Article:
Ex-MultCo Judge Jones: PPB changes ‘optimistic moment’

Civic Affairs

Mayor Wheeler, Chief Lovell announced significant PPB changes

PORTLAND, Ore. (KOIN) — Edward Jones spent 2 decades serving as a trial court judge in Multnomah County before retiring in 2017. He is fully in favor of the changes announced by Portland Mayor Ted Wheeler and PPB Chief Chuck Lovell.

“This is the most optimistic moment I’ve seen in all the years I’ve been dealing with criminal justice,” Jones told KOIN 6 News.

In a press conference Tuesday, Wheeler and Lovell said PPB is also changing its policy on consent searches. The mayor said this is part of the evolving methods and mission of the police bureau.

Oregon House Bill 2002, which stalled in the legislature last month, would have made similar changes to police forces statewide. But Wheeler said they’re not waiting for another legislative session to make these changes.

“Despite the resistance that comes naturally as we seek to implement change we’re determined to do whatever it takes to meet the demands of the community,” Wheeler said.

The new policy means police will no longer pull drivers over for infractions like an expired tag or a broken tail light.

“As many of you know we have limited resources,” Lovell said. “We’re trying to direct those resources most appropriately.”

Wheeler said it was data that spurred the decision.

“Police bureau data over the last 5 years shows that Black drivers are searched at nearly double the rate of other drivers,” he said.

Retired Judge Jones, who was a public defender for many years, spent 18 years as a trial court judge in Multnomah County and was the chief criminal judge for the last 2 years he was there, agreed.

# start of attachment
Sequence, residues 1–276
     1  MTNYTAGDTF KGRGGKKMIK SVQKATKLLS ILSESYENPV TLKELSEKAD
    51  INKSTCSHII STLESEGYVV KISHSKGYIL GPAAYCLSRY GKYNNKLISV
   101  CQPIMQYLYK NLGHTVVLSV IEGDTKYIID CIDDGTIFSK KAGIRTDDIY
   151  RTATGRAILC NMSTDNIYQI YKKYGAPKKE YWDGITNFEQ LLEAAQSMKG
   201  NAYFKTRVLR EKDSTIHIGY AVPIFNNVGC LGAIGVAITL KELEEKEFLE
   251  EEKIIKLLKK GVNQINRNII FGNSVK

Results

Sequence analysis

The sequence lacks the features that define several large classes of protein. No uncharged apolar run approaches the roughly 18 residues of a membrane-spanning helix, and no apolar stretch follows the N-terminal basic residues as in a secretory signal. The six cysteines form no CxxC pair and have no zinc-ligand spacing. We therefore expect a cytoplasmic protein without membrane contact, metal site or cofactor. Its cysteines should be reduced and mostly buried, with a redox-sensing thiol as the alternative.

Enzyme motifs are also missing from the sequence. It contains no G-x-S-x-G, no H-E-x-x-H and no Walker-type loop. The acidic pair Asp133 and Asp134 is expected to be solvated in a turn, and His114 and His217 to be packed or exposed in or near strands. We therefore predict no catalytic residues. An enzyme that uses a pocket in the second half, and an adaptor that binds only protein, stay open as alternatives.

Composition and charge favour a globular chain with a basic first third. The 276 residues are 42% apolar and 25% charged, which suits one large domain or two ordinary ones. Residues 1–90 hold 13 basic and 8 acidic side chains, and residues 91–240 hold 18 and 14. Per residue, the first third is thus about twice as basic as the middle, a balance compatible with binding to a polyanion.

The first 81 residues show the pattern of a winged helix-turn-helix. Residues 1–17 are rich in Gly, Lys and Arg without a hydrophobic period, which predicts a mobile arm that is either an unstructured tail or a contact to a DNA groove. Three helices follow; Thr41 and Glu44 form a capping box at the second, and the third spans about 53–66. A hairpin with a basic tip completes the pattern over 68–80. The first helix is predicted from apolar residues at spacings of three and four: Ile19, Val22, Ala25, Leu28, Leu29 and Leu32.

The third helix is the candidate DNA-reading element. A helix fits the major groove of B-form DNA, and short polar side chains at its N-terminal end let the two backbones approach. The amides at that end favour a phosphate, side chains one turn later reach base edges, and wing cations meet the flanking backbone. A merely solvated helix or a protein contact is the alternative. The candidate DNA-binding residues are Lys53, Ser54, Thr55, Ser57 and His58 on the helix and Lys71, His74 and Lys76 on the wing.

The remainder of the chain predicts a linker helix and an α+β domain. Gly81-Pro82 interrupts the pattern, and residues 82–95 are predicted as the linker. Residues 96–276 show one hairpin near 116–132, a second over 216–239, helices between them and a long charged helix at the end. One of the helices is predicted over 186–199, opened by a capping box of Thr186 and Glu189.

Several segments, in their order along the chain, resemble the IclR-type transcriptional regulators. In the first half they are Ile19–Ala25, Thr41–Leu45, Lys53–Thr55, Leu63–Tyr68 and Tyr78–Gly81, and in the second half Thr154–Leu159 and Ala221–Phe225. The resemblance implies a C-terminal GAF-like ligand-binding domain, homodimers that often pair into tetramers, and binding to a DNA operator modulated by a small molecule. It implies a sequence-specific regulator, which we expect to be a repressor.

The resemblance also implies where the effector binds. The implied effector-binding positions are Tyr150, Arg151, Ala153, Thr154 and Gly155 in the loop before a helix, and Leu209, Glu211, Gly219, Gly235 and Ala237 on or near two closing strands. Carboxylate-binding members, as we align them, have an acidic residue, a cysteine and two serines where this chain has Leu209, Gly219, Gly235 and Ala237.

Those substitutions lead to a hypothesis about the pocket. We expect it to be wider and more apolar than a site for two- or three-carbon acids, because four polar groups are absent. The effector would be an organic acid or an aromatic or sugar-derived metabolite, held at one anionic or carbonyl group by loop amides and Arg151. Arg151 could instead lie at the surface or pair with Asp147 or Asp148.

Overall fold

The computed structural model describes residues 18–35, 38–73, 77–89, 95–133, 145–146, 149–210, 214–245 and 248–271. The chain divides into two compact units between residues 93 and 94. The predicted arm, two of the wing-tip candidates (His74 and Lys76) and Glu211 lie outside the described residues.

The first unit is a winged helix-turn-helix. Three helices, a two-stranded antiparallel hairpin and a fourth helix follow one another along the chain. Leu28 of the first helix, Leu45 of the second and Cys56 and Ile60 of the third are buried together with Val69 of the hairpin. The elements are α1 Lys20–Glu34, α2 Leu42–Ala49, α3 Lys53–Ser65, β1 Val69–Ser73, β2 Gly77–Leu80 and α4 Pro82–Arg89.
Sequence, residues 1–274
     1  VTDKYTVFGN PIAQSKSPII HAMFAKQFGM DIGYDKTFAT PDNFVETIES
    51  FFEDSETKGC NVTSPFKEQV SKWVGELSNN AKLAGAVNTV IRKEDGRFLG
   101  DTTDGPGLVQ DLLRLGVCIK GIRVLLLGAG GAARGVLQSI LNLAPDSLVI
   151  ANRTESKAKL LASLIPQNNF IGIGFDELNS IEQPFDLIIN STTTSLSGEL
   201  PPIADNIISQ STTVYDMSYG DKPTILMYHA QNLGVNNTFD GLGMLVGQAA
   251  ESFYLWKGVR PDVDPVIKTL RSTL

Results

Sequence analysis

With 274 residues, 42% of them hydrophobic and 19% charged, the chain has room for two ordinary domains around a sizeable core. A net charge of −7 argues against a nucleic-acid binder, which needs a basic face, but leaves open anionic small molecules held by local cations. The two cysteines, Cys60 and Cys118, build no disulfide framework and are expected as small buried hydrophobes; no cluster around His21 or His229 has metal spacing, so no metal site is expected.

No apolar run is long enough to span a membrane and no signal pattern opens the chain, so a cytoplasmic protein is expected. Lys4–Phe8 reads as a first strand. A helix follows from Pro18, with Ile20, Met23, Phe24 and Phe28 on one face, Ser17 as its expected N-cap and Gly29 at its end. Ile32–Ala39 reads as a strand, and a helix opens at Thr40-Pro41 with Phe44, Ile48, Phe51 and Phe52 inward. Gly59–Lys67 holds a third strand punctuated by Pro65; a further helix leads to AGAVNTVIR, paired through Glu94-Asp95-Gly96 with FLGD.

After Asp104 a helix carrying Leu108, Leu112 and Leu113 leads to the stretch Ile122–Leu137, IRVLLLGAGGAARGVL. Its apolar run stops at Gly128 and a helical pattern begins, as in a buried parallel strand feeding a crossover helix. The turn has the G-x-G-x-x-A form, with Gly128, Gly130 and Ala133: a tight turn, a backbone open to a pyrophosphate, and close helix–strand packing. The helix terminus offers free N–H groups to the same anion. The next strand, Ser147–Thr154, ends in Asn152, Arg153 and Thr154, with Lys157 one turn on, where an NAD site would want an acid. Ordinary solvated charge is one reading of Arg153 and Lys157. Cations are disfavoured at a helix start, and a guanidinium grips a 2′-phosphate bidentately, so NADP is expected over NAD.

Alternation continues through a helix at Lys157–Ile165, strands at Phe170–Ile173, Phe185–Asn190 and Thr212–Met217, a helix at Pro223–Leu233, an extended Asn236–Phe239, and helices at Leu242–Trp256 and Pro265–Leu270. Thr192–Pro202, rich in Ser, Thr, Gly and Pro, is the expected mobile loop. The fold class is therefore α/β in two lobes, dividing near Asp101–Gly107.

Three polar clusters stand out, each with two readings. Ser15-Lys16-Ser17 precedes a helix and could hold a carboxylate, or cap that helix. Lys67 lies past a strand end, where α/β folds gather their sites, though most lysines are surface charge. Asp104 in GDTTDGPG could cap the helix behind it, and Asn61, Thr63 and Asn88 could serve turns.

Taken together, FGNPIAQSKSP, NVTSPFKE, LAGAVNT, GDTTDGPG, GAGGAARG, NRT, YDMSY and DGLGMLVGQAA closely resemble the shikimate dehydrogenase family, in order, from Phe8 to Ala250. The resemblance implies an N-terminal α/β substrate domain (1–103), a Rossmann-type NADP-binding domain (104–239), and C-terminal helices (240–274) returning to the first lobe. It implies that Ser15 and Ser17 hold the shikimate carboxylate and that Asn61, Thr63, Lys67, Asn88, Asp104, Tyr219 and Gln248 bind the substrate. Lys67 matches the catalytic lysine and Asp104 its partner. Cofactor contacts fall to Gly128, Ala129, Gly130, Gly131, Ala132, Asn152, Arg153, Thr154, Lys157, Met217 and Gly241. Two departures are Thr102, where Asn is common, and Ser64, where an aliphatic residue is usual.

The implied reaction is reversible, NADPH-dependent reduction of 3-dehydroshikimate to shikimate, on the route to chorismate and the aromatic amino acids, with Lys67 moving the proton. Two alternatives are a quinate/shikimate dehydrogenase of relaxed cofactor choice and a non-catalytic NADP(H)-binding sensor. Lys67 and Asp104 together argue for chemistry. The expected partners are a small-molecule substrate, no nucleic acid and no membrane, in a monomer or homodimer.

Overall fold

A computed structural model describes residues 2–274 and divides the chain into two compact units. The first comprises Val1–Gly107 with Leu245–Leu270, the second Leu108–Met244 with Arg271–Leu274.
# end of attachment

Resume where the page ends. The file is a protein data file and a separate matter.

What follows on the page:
Retired Multnomah County Circuit Court Judge Edward Jones, June 22, 2021 (KOIN)

“I have a stack of studies in my office that goes back 40 years, right? There’s lots of studies nobody’s ever done anything” to merit being pulled over and searched.

“We need to rethink how the police go about what they do every day. You know, it is when you get stopped by the police, whether you did something or not, that’s a tax you pay, it’s an inconvenience that you gladly put up with because you understand it improves the community justice for all,” Jones said. “So even ,when the guy goes by with the siren, you pull over, right? Because you understand it’s a little bit of an inconvenience for you, but it’s important for the safety of everybody.”

The new consent search policy states officers must clearly tell the person of their legal right to refuse consent, will hand out cards that inform people of their consent to search rights, and the officer must make an audio recording when they ask for consent to search.

“We don’t have body cameras, as you know, so we would have essentially, like, a phone app where we could do an audio recording,” Lovell said.

Jones said this is all a very complicated issue.

“We’ve got to think seriously about why we arrest people and why it is that certain people get arrested a lot more than others,” he said. “For the first time in the last few years, I actually see enough action in the community to think that things might change. This is the most optimistic moment I’ve seen in all the years. I’ve been dealing with criminal justice.”

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